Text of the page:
CCIM 50th Anniversary

CCIM Secret Sauce

CCIM education contributed to elevating the entire commercial real estate profession.

What's the secret? In its 50 years, how did the CCIM Institute grow into a 13,000-member-strong organization and become the leader in commercial real estate education?

It takes seasoned professionals who are dedicated to teaching the courses and working to develop new content, as well as continually bringing the courses up-to-date. It takes an openness to embracing new technology and new techniques. It takes the ability to adapt to an ever-changing market.

Hundreds of thousands of students have taken CCIM courses, which prepared them to be successful in their business. “CCIM training has educated all types of commercial real estate professionals, including brokers, developers, investors, attorneys, institutional reps, lenders, and appraisers, during our first 50 years,” says Ralph Varnum, CCIM, 1985 Institute president and founding principal of Varnum Armstrong Deeter LLC, in Overland Park, Kan. “This training advanced the entire industry together by using a common language and common ways to look at commercial real estate as an investment.”

Walmart, Ernst & Young, PwC, Bank of America, NAI Global, Transwestern, and the U.S. Navy are among the large organizations that have sent commercial real estate professionals to CCIM courses. CCIMs work at TIAA, the U.S. Department of State, and United Technologies Corp.

Adapting to Change

While the commercial real estate industry has embraced the versatility of roles for its practitioners, adaptability to changing business environments is critical. The profession is fairly new.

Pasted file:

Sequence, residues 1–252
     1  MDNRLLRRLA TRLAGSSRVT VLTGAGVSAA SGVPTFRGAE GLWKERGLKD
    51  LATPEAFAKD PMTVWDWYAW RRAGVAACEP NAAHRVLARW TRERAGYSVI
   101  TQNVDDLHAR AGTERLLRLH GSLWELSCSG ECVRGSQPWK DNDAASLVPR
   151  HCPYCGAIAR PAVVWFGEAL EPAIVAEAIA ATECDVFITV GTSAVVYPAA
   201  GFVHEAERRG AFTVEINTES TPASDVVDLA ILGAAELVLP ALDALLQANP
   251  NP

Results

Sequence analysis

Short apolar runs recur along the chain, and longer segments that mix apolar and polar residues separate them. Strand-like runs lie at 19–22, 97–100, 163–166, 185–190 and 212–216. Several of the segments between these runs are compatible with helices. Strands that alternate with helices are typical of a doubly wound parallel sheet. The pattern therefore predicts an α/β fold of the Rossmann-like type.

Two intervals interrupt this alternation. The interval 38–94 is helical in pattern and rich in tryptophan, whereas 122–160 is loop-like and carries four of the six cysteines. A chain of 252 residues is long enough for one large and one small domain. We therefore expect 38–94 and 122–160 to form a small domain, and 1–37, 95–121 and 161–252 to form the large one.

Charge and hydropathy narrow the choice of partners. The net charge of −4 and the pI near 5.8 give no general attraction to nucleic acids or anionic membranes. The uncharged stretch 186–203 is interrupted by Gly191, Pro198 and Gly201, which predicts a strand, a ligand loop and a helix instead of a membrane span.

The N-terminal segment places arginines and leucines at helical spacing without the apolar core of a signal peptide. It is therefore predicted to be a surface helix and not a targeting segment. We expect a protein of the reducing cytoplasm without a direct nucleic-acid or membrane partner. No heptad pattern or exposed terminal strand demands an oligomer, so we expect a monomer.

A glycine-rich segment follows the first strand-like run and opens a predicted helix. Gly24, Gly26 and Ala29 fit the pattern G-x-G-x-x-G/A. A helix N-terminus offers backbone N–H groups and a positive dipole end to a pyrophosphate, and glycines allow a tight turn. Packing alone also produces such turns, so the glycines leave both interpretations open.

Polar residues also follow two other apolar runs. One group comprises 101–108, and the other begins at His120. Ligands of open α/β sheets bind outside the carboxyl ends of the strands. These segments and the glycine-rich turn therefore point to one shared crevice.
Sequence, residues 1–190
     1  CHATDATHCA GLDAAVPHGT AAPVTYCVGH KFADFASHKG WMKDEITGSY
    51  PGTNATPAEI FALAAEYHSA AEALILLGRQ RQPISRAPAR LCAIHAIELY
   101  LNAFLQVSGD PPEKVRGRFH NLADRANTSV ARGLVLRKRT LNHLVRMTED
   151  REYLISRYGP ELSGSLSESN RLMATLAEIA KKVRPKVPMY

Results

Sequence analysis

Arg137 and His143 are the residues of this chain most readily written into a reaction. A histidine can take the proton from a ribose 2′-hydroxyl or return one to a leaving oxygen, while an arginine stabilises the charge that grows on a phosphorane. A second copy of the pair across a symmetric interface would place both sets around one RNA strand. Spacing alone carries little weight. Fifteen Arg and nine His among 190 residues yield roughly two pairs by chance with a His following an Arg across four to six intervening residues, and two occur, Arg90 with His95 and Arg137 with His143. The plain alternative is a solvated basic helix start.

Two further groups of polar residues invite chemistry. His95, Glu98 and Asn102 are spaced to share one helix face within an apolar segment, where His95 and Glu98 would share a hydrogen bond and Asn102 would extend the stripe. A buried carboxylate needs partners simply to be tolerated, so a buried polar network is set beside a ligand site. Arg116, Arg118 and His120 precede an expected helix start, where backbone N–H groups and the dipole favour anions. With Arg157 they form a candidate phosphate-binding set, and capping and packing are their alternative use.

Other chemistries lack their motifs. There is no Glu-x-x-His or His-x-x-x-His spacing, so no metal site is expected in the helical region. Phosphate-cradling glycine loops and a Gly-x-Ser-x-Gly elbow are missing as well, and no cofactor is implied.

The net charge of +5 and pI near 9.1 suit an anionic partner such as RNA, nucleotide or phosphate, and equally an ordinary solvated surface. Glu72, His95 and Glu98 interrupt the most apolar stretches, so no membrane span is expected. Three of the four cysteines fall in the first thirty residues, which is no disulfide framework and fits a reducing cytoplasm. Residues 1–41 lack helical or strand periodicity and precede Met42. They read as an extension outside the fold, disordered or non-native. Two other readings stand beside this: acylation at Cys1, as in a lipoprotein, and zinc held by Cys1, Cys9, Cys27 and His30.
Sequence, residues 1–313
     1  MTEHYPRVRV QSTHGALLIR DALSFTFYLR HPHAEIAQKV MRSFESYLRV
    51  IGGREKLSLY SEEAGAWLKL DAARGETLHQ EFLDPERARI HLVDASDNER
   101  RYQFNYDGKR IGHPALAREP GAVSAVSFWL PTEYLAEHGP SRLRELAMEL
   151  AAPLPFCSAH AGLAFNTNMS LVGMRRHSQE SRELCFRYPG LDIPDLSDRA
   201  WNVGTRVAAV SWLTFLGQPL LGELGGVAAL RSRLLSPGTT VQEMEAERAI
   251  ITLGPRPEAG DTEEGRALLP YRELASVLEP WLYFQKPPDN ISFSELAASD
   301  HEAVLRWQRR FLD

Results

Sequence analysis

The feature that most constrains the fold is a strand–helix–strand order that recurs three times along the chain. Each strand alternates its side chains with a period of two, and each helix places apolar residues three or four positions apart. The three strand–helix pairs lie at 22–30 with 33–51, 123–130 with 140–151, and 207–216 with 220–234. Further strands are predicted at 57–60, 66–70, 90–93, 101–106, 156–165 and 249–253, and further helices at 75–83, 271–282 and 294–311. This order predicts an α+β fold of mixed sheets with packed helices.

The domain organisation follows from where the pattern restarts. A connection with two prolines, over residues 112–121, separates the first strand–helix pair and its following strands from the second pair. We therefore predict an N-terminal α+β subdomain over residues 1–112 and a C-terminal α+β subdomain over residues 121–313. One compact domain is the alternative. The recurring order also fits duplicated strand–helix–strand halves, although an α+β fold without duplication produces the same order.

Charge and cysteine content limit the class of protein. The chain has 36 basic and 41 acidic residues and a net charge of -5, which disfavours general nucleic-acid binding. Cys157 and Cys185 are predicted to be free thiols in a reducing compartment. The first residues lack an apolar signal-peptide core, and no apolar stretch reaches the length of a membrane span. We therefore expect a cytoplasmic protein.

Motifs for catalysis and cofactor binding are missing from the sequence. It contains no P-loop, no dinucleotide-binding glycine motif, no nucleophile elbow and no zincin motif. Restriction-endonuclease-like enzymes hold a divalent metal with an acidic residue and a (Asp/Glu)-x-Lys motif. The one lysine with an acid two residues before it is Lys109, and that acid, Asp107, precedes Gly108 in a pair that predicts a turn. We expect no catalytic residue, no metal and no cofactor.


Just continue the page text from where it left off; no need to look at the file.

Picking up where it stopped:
“In the first 25 years after World War II, the U.S. experienced a tremendous expansion in its population and the need for all types of real estate to meet the pent-up demand,” Varnum says.  “By the end of the 1960s, tremendous new opportunities to develop and own real estate were created, and more and more investors were taking advantage of the chance to own commercial and residential investment real estate.”

Those new opportunities brought a need for education. “In the late 1960s, a commercial real estate affiliate of the National Association of Realtors - then called the Commercial Division of the Realtors National Marketing Institute - decided to address the opportunities and the confusion in the commercial real estate field,” Varnum says. 

Those first courses, says Jim H. Dunn, CCIM, CPM, president of Keystone Realty Services in Nashville, Tenn., “brought us out of the dark ages into the current time when we were teaching topics such as the gross rent multiplier. CCIM courses taught how to analyze a property and what information you needed, and where and how to get it. Our consultant from the educational field, Steve Messner at the University of Connecticut, Bob Ward, CCIM, and Vic Lyon, CCIM, and some others were instrumental in applying the internal rate of return and the time value of money to real estate analysis.”